Early Insights into the hydrology of the Apsley Marshes (Tas)

Water level and salinity loggers installed at the Apsley Marshes Ramsar Site on Tasmania’s east coast, have now been out in the field collecting data for four months. Loggers were downloaded on 11-12th August and monitoring sites surveyed (measuring their precise location and elevation) to allow us to compare relative water levels across the site, over time.

Map of monitoring locations installed in the Apsley Marshes

A quick look at the data has provided us with some early insights into how both water levels and salinity vary across the site and in response to local rainfall, riverine inflows and tides.

Water level

  • There is a fall in water level above sea level of approximately 31cm from western drain site 1 to western drain site 5, with strong southerly flows to Moulting Lagoon witnessed in August 2022.
  • There is also a fall of 13 cm from the western wetland to the eastern wetland. Water depth in the eastern and western wetlands is the same (~30 cm) and in the middle wetland it was approximately half that at 16 cm. There was evidence of Melaleuca seedling establishment in this middle wetland too. Water depth was slightly lower in August than in April 2022.
  • Groundwater level has fluctuated over a range of 30cm since monitoring commenced in April 2022 and was slightly above ground level in August – indicating potential for seasonally sub-artesian conditions (i.e. when the standing water table or groundwater pressure rises above natural surface).
Melaleuca seedling establishment in the middle wetland. Water depth in this area is lower than that in the wetland cells to the east and west. This fits with our hypothesis that the main, parallel NW – SE convict drains were established in attempt to dry out the central Marshes.


  • Salinity in the Apsley River ranges from fresh when there is high catchment inflow, to brackish (1.4 mS/cm) when there is not, which indicates significant groundwater dependence, consistent with historic data and anecdotal information (groundwater salinity has ranged from 1.4-1.7 mS/cm).
  • Western drain sites 5 and 4 display similar salinity levels to that of the Moulting Lagoon tidal logger site (up to 24 mS/cm). Western drain 3 indicates that tidal flows reach this site at least under very high tides, and particularly when river flow is low. Western drain sites 2 and 1 do not indicate any tidal influence but do experience salinities higher than the river inflows (up to 5 times). Two stone point salinity is fresher and consistent with the Apsley River salinity.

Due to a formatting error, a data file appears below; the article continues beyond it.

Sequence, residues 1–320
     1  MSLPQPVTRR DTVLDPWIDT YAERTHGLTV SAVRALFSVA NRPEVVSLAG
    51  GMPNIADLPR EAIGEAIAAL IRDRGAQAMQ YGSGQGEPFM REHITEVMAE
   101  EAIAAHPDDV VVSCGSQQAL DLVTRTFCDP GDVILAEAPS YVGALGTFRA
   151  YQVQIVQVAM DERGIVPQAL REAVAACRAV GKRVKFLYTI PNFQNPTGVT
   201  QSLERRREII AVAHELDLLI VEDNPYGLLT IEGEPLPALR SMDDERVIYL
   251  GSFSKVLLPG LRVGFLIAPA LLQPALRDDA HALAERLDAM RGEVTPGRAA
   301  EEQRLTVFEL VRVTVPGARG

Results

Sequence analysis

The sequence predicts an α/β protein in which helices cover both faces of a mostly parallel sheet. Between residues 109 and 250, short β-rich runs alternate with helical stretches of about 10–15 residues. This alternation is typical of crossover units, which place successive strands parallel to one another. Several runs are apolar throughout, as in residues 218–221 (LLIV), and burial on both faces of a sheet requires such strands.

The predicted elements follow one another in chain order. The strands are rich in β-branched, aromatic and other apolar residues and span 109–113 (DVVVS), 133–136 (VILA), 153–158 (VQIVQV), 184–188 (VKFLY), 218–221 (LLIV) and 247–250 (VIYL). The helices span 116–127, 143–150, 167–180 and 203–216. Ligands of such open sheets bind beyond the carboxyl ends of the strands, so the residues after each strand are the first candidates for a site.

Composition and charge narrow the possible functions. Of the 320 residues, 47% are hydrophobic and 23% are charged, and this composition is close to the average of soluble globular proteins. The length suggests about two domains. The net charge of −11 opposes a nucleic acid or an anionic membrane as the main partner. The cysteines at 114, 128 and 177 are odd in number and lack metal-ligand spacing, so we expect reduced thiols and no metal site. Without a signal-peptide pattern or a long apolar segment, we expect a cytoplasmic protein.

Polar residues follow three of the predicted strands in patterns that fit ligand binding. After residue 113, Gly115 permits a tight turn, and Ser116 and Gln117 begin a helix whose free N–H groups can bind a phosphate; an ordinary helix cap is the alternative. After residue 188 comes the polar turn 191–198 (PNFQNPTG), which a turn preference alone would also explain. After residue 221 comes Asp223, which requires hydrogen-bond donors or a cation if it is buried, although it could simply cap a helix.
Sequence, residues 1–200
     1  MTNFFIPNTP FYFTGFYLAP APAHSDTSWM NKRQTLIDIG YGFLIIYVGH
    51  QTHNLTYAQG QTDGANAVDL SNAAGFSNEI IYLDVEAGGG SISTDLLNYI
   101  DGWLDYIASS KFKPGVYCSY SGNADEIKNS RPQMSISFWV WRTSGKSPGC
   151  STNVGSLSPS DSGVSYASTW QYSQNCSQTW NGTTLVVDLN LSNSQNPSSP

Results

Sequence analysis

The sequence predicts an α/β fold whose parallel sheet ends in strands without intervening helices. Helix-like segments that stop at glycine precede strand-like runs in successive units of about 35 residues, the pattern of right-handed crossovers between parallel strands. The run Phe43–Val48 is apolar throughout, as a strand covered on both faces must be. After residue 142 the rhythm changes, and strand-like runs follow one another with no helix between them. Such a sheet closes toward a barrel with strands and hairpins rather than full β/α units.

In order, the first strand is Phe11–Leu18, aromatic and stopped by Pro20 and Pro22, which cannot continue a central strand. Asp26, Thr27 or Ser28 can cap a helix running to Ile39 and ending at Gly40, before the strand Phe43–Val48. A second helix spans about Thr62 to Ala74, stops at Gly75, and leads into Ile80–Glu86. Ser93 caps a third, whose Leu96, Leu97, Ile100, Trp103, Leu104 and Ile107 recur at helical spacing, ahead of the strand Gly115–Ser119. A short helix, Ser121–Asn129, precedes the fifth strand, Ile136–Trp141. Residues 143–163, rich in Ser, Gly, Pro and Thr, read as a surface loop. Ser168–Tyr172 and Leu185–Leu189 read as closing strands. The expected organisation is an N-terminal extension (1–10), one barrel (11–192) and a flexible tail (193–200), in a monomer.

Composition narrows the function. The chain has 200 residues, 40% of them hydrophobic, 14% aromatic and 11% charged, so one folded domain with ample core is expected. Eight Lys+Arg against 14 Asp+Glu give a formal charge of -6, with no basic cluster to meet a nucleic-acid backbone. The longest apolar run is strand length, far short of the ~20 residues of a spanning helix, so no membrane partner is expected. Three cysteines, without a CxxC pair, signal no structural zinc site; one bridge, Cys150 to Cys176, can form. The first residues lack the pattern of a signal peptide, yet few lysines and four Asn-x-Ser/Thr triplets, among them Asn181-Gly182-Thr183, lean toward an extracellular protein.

Western drain 3 salinity data, April – August 2022. Peaks in salinity are consistent with very high tides experienced in June and July 2002 (note 5-6 day time lag between high tides experienced at Spring Bay and those recorded in The Marshes).
  • The western wetland is slightly more saline than the middle and eastern wetlands (up to 3 mS/cm). Salinity at this location appears to accumulate over time indicating more direct links with tidal inflows, whereas the middle and eastern wetland salinities seem to increase and decrease in response to fresh inflows.
Western wetland salinity, April – August 2022. This site indicates accumulation of salt over time. This is consistent with anecdotal reports.

While we were out there, we also made the following observations:

  • Australasian bitterns were heard calling across the Apsley Marshes again in August 2022, as they were in October 2021.
  • A remnant black swan nest was uncovered deep within the rushes in the western wetland.
  • A wedge-tailed eagle was observed soaring over the western side of the Marshes.
Bec and Dave, our surveyor, wrapping up another adventure on the Apsley Marshes.

In summary, our trip to the Apsley Marshes was a success!

All of our loggers appear to be effectively recording data and are helping us to build our understanding – contributing to the story of the ecohydrology of this important Ramsar site. We look forward to continuing to analyse the data collected from this site and sharing our insights over the coming year.

This important work is supported by NRM South, with funding provided via the Australian Government.

Bec Sheldon